8. There is an endless variety of reality shows to choose from these days. One of the big reasons for this is because it does not cost as much to make. According to the article provided by the Washington Post, which is located above, reality shows that are game based are cheap because, "...they do not typically pay their contestants beyond a per diem and they don't pay union scale for writers or directors or the crews doing camera, sound, sets, and editing" (Booth 1). By paying contestants below the expected pay limit and not paying the standard wage for people that work behind the camera, the cost of reality shows are made relatively cheaper. Despite the low pay made by working in reality television, there are some workers in the field who say it it stimulating and fun. Other people disagree and say that it is grueling work that leaves you with no social life. When comparing reality shows with dramas or sitcoms, the cost of the former is nearly half of what it costs to make the latter type of show. As an article in the Writers Guild of America states, "Reality television...costs less than $500,000 for an hour or one-third of the cost of an hour of comedy or drama..." (Slocum 1). The value it costs to make reality programs compared to other types of programs have a huge difference.
  9. The following is a chart by information and measurement company Nielsen. It shows the popularity in the multiple forms of television programming. Although reality television was not popular between 2001 and 2002, it grew in viewership and is now a very popular form of programming.
  10. The following is a link to the article by the Writer's Guild of America, which I used to mentioned the cost of creating reality programming compared to other forms of programming:
  11. Reality television shows can be entertaining to watch but there can be adverse affects depending on the subject of the show. One of those most controversial genres of reality television shows are shows centered around children. A big concern has to do with the appearance of children in the media which concerns the risks and exploitation that they are open to. A study done at Seton Hall University says that those concerns are of great importance because of "...the vulnerability that accompanies childhood and because children do not understand the potential negative effects of participating in reality television..." (Rey 1). It is the fragileness and inability to fully understand that makes exploitation of children a very hair raising issue. Many parents express their concern because they do not want their children to be exploited. Fortunately, there are laws in place to protect these children from any exploitation in the media. The study mentions the Fair Labor Standards Act and says it is "...the federal law currently regulating child labor, including its prohibition against "oppressive child labor"..." (Rey 1). There are also state laws providing child labor laws. The exploitation of children in the media can be a touchy subject because of the consequences it holds. Having these two laws to protect children against exploitation is a positive step towards change.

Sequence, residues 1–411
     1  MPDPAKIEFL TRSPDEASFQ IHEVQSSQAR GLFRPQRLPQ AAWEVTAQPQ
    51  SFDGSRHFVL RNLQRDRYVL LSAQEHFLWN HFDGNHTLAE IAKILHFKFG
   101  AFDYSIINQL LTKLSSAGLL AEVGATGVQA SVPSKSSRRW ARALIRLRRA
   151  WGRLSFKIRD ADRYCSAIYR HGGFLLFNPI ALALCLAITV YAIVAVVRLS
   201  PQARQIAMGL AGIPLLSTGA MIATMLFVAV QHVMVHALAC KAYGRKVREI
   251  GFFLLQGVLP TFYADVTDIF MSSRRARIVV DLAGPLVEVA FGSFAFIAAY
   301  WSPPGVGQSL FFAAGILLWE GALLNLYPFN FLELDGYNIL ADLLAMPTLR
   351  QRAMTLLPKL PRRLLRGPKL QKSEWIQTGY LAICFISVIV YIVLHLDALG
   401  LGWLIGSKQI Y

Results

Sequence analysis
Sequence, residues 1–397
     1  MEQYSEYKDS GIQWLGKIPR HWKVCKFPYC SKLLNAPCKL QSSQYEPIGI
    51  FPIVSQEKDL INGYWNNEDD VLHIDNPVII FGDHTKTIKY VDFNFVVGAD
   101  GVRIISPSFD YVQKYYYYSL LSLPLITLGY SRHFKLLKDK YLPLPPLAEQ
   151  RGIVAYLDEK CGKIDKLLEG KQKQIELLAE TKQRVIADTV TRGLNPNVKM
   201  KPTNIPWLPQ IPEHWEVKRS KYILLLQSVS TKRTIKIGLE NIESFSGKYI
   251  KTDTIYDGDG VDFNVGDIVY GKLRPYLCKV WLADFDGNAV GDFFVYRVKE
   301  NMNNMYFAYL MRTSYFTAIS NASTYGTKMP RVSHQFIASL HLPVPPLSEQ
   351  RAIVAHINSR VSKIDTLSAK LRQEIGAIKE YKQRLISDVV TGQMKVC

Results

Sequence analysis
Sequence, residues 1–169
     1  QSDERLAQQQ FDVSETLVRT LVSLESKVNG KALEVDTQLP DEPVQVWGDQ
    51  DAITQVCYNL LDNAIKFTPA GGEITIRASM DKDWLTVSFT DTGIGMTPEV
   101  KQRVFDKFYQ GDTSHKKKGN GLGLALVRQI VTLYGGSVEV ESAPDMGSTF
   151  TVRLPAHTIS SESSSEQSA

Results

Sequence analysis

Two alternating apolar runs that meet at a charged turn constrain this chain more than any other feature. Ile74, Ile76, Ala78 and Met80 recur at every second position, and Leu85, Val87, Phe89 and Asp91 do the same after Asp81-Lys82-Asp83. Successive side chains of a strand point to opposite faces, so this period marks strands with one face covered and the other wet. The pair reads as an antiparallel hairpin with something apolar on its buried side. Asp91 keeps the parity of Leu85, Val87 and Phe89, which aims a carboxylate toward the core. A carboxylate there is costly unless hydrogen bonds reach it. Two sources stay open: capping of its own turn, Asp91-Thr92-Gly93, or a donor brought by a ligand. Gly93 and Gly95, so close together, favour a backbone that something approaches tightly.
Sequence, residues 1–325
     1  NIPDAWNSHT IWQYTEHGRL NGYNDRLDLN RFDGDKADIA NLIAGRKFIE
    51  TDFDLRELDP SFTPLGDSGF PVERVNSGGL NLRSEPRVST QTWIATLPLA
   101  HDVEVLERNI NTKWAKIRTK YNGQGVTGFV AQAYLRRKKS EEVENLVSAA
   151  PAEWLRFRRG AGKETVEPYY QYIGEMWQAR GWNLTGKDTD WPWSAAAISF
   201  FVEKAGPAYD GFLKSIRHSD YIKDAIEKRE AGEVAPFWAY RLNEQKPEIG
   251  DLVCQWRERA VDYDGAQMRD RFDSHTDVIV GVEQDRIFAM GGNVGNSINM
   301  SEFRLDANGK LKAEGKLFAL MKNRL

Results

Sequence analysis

12. This video discusses the question of whether or not reality television exploits kids. It provides the television show "Toddlers & Tiaras" as an example. It mentions how that particular show exploits kids in a sexualized manner.
  13. Is Reality TV Exploiting Children?
  14. Below is a link to the study done at Seton Hall University which I mentioned above. It takes an in-depth look into the exploitation of children in reality television shows and the laws that are created to protect children who are on these types of shows.
  15. Another controversial genre of reality television programming are shows that focus on family dynamics that may be considered unique and taboo. One such unique family dynamic is the polygamist family as shown in the show "Sister Wives". The video below is a clip from ABC News that discusses this particular topic. It mentions a study which reported that "polygamy leads to greater levels of crime, violence, poverty and gender inequality and higher rates of child neglect and abuse". Findings like that are what leads to a negative portrayal of polygamy where people involved in this practice are scorned and looked down upon. The public has argued that polygamy allows for more secrecy that is subject to suspicion. Some people are pushing to change the negative way that polygamy is looked at and people like the Brown family from the television show "Sister Wives" are hoping to push for change.
  16. Polygamy Ruling in Utah
  17. Not only do reality television shows promote advocacy and controversy, they also promote stereotypes. There are multiple sterotypes created by reality television and the question that needs to be asked is if reality television creates dangerous sterotypes and, if that is true, is it something to be worried about? I believe that reality television does create stereotypes and it is something to be worried about. Shows like "Jersey Shore",for example, created a negative and stereotypical image of Italian-Americans. The stereotype that the cast of "Jersey Shore" portrayed angered Italian Americans because now they were precieved to act in a cetain manner. Stereotypes, as portrayed by reality television, is a subject that is negative more than it is positive. It can create a bad image of certain people that viewers may associate with everyone that they believe fits that same stereotype.
  18. Below is an article from the University of North Carolina-Charlotte newspaper, Niner Times, that talks about the various types of stereotypes promoted by reality television: